There are all sorts of irritants that rob me – usually briefly – of my peace of mind: one is an increasing frequency of people, young and not so young, turning up without appointment or accosting me on the street or telephoning to solicit a peculiar sort of favour. ‘I tutor people in this or that subject, and you are so very well known to students and parents, so do please send some to me’. I find this most irritating for all sorts of reasons.
First, I don’t like people who ask for favours: always thought of them as weak characters, parasites. I like doing some, but mostly unasked, and mostly for those who seem truly needy – not necessarily in the financial sense. Second, you don’t become a reputed teacher by asking around for students: you build your own reputation the only way, the hard way, over a long time, with skill and dedication and perseverance and a bit of luck, which I prefer to call God’s grace. It’s not a salaried job that you can wangle by buying fancy degrees and pulling strings or sucking up to the high and mighty. Third, how lacking in self-respect can people be to be able to ask for favours from a complete stranger – it being understood that if I obliged them, they’d never come back to say even a formal thank you? Fourth, I can count on one finger how many people have done me any kind of favours at all, and most of them were done unasked anyway, because they were true gentlemen (or the – very very rare – woman). On the other hand, almost to a man (and woman), people have shown me that the worst in them – ingratitude – is brought out precisely when I have done them favours of any substantial kind, not excluding giving them attentive and sympathetic time when they were tired and confused and lonely. If life has made me misanthropic – I don’t hate men or women in particular, I dislike most people – can I be faulted for it? I urge you to remember that hundreds of people still take fond pride in claiming that Sir loves them, and has time for them, despite all that so many people have done to destroy his love of humanity…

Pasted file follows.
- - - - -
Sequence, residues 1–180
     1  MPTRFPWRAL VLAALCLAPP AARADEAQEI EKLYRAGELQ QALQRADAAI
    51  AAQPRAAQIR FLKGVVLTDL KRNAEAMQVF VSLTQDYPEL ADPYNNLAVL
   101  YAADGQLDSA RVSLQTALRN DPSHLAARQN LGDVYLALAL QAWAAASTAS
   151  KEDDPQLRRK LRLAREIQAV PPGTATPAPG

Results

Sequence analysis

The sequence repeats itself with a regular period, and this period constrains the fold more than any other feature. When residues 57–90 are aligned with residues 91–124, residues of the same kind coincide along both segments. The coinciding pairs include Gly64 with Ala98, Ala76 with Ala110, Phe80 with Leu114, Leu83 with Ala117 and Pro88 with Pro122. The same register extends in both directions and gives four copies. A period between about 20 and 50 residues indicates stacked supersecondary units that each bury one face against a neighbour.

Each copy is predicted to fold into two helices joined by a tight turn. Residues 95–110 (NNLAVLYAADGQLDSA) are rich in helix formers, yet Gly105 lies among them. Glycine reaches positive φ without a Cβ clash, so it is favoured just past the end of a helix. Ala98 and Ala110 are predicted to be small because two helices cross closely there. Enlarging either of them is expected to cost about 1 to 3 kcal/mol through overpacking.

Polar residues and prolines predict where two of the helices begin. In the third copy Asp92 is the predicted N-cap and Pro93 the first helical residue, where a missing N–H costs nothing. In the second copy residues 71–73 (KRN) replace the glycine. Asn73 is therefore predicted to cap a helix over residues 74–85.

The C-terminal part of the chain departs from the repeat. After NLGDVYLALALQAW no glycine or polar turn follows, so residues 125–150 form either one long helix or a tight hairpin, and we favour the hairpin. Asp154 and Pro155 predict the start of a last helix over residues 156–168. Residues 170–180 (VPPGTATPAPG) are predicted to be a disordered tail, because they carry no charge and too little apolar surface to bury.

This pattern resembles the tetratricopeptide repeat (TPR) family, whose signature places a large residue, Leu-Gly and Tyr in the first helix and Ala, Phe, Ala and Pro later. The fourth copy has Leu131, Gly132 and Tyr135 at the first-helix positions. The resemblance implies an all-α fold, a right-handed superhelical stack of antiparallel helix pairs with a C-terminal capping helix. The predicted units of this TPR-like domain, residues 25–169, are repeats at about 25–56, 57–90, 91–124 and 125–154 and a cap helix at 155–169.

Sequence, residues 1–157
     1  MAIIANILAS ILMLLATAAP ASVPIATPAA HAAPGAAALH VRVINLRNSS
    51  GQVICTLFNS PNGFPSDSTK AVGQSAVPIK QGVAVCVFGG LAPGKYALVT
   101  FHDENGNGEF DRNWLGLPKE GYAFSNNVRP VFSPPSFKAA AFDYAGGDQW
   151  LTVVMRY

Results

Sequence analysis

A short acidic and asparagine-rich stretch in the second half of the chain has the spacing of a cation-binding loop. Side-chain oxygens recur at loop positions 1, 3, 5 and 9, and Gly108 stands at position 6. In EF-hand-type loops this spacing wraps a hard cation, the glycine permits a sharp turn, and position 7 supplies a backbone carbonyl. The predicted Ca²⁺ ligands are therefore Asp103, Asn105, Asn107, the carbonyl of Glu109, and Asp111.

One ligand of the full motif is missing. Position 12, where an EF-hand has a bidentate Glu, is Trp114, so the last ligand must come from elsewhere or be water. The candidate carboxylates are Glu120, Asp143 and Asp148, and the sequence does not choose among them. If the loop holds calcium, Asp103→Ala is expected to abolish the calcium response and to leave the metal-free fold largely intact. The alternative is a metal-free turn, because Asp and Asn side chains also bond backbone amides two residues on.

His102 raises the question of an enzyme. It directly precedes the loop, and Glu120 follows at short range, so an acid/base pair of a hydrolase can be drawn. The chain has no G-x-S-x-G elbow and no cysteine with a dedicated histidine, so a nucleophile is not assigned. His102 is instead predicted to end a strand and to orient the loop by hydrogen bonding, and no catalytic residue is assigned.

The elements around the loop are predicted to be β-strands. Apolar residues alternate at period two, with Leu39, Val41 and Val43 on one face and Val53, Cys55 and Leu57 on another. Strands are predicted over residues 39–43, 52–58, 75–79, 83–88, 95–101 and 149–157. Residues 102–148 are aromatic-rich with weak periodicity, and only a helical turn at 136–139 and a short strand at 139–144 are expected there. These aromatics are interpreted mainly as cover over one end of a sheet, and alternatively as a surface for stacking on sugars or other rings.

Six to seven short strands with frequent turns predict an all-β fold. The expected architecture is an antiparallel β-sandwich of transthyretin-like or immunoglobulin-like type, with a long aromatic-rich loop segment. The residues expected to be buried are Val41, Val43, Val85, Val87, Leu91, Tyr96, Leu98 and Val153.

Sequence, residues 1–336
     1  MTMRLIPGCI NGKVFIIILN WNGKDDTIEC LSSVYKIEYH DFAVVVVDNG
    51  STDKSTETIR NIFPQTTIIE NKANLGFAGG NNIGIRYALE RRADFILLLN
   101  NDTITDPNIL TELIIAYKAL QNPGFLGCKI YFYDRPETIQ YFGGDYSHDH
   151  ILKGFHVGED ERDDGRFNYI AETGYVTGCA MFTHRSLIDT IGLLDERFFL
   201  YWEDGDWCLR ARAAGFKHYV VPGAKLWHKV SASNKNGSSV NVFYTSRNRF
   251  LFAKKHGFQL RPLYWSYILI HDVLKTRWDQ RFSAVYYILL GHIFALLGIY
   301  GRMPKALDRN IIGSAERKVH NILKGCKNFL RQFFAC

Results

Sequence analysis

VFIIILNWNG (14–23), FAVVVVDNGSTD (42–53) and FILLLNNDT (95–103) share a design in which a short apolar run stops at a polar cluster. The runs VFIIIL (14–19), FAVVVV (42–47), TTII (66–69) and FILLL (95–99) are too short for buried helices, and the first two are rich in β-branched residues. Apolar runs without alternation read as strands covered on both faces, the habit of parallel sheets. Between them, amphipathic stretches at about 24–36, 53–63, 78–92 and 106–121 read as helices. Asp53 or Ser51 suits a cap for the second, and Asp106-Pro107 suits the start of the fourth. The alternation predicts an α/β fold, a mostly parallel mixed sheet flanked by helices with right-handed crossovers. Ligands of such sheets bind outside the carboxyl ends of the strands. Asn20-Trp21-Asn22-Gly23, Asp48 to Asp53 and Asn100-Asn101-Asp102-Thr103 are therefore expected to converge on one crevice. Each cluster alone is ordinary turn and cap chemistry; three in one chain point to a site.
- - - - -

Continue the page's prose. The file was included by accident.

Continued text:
Not very long ago, I wrote a post titled chhotolok (The mean and the base, roughly translated). The longer I live, the more I become convinced that most people are, beneath a (usually very thin-) veneer of civilization, essentially chhotolok, understood in the sense that a) they are pettily and blindly self-seeking, b) they feel no shame in seeking favours, but cannot even conceive that in a truly civilized society, that has to be a matter of constant give and take, c) they make a very big fuss when their sense of self-esteem or self-interest is hurt, but will either simply not admit that they are hurting people (perhaps thoughtlessly – I lost count long ago of people who said ‘I didn’t mean to hurt’) all the time in the course of their pursuit of pleasure and ease, or go to absurd lengths to justify why they weren’t really, seriously in the wrong, d) far too many people, alas, find pleasure only in giving hurt, some way or the other. When the expression ‘the banality of evil’ registered first on my mind while reading about the much publicized trial of Adolf Eichmann, it set many bells ringing, for I had long thought myself, without actually coining that expression, that most evil, and evil people, are basically banal rather than cinematically monstrous. The Vlad the Impaler or Eichmann types are very rare (and becoming increasingly so), whereas the girl who goes around breaking men’s hearts lightly, telling each in turn ‘I was only having fun, why did you take me seriously?’ or the housewife who nags and scolds the life out of the man who can neither kill her nor run away (remember Rip van Winkle and Joe Gargery and Walter Mitty?) can not only be found in tens of millions but they live long and enjoy their lives, in their own twisted way: they are both evil and banal. We ordinary mortals don’t have to cope with Vlads and Eichmanns in our quotidian lives, but only fate can save us from the latter types, and fate is rarely kind. The ex student who, pretending to be an educated adult interested in my mind, could read my essay on the Buddha (probably the one time I reached something like grandeur in a lifetime of writing) only to comment ‘What long sentences!’, and the scoundrel who lightened my purse with a sob story about a hurt labourer at a construction site are equally banal and equally evil, firstly because they whittle down my faith in mankind, and secondly because, having had to cope with a world full of such people lifelong has made me, ever so slowly, much more like them than I’d have cared to be. As the poet said, his ambition was ‘praanpone prithibir shorabo jonjal’ (I shall try all I can to cleanse the world of filth). Thank God he died young. That was part of what motivated me to become a teacher, and I often feel I have lived too long, given the very little good I have managed to do.
And when I say evil must be brought to justice, I am not thinking of Vlad and Eichmann.